almost useless weeding advice

I’m sure you’ve read those earnest but wacked letters sent to advice columns, letters where the writer wants to share a piece of housekeeping ingenuity that you look at and find yourself gobsmacked by the total uselessness of the advice being offered. These letters might begin something like, “Dear Heloise, you know, I never throw out corn tassels anymore because I realized that I could use them to make wigs for my pet iguana…” (I might be making this one up. Maybe not. It doesn’t really matter.)

Both John and I had read in one of the papers a while back that you could use boiling water to control weeds. Inspired one day after making a pot of pasta, remembering what he’d read, John drained the pasta water out onto some weeds that were growing in the cracks out on the patio. Not long afterwards the weeds croaked. Somehow it all seemed to make sense.

So…at the risk of sounding too much like like Heloise…I pass on this piece of gardening advice.

You’ll have to think this method through a little before applying it to many situations in the garden. This works if you want to kill everything, like in the middle of hardscape, but probably isn’t a good idea if there might be roots of a desirable plant nearby. Also, it really does take a lot of boiling water to polish off some stubborn plants. It’s not a particularly effective or method. If you salt your pasta water to the point of seawater you might not want to introduce all the salts near fragile plants. And the hot water might even stimulate some dormant seeds into growth, since the method is almost exactly the “hot water method” that’s referred to in manuals on seed propagation.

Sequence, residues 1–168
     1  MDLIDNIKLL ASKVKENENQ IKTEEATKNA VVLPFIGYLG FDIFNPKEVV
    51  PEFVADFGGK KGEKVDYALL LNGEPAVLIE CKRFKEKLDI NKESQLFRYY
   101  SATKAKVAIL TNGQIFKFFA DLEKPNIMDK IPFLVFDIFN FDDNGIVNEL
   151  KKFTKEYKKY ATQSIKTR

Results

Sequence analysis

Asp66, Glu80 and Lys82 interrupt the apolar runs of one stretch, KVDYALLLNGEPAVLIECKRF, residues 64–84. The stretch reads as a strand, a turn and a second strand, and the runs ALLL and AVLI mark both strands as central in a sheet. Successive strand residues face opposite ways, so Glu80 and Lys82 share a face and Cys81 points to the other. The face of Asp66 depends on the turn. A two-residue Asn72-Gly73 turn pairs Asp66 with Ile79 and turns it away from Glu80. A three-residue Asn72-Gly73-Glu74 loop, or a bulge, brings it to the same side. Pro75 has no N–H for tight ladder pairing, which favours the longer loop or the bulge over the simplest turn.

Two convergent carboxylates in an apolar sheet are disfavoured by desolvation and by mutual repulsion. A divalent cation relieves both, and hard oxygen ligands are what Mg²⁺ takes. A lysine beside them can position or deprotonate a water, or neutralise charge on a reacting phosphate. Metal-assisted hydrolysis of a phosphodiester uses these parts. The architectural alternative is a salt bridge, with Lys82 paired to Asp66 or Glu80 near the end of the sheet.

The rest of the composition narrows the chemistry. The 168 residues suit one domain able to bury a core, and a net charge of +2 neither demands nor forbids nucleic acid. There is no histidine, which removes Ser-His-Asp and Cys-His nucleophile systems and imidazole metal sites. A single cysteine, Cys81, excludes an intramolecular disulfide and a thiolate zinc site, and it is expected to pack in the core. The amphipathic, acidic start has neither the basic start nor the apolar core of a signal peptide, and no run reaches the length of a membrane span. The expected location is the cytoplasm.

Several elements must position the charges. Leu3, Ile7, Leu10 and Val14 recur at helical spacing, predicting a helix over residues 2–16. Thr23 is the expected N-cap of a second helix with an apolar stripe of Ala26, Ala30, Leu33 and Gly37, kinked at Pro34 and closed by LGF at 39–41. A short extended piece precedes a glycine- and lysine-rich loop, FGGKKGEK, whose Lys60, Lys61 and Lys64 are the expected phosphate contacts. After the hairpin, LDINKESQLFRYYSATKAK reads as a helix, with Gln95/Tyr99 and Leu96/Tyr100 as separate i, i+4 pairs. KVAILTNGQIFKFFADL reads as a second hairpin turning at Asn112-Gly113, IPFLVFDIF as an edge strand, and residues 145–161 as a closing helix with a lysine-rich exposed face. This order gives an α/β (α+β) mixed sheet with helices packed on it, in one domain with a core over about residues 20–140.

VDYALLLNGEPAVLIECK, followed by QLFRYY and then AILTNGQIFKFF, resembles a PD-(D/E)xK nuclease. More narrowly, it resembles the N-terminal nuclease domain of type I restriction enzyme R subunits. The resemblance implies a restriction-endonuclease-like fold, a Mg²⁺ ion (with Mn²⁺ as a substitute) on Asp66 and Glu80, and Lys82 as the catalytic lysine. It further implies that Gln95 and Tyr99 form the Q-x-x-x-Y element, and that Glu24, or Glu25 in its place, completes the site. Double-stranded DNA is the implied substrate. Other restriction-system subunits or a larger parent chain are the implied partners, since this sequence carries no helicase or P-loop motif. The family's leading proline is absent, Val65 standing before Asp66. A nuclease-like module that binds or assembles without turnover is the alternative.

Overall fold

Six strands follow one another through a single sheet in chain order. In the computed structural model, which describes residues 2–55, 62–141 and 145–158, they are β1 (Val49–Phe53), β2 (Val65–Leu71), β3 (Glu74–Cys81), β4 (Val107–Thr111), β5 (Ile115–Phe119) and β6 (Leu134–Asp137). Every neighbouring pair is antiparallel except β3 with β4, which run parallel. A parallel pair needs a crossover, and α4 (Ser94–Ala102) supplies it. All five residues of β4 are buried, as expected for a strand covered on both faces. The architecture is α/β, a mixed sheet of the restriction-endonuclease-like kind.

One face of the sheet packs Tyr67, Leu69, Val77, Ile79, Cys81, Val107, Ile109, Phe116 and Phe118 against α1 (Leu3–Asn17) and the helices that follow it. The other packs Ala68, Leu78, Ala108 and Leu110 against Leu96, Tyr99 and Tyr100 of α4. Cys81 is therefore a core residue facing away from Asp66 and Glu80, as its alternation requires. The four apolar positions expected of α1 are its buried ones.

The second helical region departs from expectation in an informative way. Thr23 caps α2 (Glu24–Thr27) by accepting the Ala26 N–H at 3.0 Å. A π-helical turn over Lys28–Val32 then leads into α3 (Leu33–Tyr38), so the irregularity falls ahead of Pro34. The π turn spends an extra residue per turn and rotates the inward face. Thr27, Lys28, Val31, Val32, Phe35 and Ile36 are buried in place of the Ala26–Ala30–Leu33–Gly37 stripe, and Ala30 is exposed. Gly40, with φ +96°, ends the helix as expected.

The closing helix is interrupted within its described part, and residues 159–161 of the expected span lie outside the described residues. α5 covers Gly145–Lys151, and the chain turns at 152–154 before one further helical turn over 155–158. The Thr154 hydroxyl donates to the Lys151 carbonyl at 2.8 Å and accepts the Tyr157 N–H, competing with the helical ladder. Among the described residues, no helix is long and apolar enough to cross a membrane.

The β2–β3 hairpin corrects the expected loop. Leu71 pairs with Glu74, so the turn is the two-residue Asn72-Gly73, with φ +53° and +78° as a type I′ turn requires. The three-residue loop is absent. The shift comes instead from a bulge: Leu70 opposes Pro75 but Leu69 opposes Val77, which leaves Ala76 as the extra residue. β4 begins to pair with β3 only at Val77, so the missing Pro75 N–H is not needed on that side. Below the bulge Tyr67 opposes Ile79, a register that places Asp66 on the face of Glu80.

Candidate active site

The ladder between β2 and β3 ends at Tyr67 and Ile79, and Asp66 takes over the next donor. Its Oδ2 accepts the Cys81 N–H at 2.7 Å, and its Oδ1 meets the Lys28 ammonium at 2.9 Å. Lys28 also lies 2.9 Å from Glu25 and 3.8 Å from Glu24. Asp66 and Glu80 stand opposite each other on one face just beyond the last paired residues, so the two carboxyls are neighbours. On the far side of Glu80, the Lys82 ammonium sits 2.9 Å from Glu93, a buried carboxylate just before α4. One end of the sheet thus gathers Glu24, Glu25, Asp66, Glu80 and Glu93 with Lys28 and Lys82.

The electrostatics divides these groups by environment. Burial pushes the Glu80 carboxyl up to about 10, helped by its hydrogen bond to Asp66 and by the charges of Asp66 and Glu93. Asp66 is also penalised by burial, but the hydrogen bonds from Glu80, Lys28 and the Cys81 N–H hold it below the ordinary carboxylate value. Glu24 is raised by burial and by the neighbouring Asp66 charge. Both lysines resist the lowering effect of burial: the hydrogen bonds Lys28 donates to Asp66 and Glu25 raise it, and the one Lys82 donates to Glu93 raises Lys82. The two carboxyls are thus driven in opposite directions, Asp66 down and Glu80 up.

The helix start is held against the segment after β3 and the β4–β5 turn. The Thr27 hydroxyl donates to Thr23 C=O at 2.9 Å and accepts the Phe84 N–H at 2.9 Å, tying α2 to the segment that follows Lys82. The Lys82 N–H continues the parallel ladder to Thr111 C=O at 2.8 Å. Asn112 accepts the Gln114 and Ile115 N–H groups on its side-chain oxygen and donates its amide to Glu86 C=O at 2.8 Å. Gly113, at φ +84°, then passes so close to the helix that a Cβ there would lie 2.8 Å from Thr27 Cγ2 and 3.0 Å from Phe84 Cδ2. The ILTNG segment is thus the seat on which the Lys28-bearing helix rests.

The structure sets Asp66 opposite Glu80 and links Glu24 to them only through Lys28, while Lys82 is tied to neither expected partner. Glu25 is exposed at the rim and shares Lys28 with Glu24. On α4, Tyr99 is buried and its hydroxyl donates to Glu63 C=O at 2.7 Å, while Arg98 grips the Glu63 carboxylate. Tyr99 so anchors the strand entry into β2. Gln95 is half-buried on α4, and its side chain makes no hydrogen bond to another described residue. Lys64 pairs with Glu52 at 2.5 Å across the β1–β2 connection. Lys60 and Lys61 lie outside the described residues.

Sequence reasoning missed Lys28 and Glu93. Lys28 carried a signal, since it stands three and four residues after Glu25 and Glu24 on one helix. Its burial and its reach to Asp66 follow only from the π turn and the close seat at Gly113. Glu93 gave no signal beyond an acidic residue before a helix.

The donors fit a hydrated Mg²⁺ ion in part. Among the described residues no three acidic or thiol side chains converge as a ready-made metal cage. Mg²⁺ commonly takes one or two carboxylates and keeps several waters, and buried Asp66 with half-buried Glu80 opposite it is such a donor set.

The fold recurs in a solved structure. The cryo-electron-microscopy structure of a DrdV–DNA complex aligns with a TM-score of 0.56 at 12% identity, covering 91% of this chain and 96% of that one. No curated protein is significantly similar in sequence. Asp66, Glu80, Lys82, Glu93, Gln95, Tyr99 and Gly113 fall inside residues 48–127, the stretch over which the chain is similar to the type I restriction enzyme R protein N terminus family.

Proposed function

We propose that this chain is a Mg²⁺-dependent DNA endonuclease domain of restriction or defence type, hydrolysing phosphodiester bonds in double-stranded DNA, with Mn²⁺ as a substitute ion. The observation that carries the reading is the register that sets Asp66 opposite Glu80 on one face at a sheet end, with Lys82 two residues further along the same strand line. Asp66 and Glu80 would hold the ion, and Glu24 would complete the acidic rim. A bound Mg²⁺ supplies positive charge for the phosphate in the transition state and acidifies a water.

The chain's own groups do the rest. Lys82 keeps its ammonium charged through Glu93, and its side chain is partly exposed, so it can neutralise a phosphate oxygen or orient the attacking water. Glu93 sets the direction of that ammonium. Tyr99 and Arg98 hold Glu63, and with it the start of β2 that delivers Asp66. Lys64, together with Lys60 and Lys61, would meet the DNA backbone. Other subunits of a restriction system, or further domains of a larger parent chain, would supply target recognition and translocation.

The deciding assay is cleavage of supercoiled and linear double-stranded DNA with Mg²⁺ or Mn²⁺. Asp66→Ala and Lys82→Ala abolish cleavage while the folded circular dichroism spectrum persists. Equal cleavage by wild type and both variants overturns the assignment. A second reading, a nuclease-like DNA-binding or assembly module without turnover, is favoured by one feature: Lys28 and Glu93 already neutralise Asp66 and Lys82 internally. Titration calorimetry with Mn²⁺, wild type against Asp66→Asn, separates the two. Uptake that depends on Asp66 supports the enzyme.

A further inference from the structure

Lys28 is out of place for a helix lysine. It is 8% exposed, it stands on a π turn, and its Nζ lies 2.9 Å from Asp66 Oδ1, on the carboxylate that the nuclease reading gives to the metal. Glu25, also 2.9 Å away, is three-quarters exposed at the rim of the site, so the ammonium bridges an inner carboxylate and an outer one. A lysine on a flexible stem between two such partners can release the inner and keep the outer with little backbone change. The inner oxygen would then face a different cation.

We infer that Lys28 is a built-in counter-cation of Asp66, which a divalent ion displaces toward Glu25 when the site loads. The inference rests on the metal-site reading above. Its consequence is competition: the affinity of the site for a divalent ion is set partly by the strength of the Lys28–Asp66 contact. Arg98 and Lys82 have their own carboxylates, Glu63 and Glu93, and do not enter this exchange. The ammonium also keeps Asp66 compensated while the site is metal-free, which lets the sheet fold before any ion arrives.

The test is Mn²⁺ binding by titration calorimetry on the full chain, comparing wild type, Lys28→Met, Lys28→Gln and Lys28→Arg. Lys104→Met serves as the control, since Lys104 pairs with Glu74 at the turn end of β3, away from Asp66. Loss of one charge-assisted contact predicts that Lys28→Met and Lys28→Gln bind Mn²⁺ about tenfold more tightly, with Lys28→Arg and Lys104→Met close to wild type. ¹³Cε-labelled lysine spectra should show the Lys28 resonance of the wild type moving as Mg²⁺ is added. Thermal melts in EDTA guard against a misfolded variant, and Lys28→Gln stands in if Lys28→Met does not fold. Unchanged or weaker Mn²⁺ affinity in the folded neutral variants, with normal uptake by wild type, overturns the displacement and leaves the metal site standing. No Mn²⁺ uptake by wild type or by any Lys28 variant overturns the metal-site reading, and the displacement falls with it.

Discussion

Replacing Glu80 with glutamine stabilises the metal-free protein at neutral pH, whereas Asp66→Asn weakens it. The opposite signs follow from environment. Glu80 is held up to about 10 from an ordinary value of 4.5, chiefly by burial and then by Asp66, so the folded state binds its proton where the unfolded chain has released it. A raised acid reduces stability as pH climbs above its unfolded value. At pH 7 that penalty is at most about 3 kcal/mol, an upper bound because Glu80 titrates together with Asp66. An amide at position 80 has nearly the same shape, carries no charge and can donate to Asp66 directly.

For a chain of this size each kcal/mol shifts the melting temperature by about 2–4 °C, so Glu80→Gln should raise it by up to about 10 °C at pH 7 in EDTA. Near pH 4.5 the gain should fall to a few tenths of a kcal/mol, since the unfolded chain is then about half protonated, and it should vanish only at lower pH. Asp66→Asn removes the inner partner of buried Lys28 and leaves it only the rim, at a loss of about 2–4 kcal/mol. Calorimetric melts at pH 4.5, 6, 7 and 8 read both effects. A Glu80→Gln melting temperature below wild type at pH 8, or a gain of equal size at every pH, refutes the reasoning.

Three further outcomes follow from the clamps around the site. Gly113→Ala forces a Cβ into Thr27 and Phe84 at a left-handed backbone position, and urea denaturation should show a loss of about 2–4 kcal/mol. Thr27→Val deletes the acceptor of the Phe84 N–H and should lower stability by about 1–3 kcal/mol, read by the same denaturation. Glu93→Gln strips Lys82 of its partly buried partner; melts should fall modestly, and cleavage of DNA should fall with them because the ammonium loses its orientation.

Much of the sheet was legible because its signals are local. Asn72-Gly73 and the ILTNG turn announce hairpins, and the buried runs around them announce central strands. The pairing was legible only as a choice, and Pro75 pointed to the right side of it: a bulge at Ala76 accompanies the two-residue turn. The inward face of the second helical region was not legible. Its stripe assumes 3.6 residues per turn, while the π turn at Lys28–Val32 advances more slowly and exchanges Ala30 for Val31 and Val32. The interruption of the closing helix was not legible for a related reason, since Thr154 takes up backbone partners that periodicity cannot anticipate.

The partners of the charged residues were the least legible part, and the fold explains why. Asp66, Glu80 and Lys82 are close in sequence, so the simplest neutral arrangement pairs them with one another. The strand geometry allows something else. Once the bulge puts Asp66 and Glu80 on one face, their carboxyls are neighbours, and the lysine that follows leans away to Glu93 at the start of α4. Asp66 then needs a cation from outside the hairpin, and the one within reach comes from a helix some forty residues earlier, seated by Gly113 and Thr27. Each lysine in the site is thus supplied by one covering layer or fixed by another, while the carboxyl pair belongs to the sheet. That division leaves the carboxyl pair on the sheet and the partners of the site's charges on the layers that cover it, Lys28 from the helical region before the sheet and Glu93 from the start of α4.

Still, if you find yourself with a big pot of boiling water that you’d otherwise dump down the drain and have a patio full of weeds nearby, this might be just the thing to do.

While out weeding I’ve been noticing that some of the plants growing up in the cracks aren’t the standard nasty beasties that have been plaguing me over the years. These are in fact some California natives, seedlings of parents I’ve planted in the garden in places where I wanted them. The seedlings are trying to start up a new generation in places where I really don’t want them, but I’m having a hard time pulling them out.

This one’s Clarkia rubi­cunda ssp. blas­dalei. I think I’ll let it flower before removing the plant. It’s an annual, besides, so I should be able to indulge it for a month longer, to let it fulfill its biological destiny.

San Miguel Island buckwheat, Eriogonum grande var. rubescens, one of several I’ve noticed recently. I like the plant, but I’m afraid its choice of location sucks. I think I’ll be able to pull it out soon.

California sagebrush, Artemisia californica. I really hate to pull up anything with a species name of “californica,” but once again its choice of location totally sucks. So far–for over a year now–it’s avoided getting doused with pasta water or getting yanked out of the ground. But a plant in the wrong place is a plant in the wrong place.

I have to admit it. This plant, in this spot, is a weed.

16 thoughts on “almost useless weeding advice”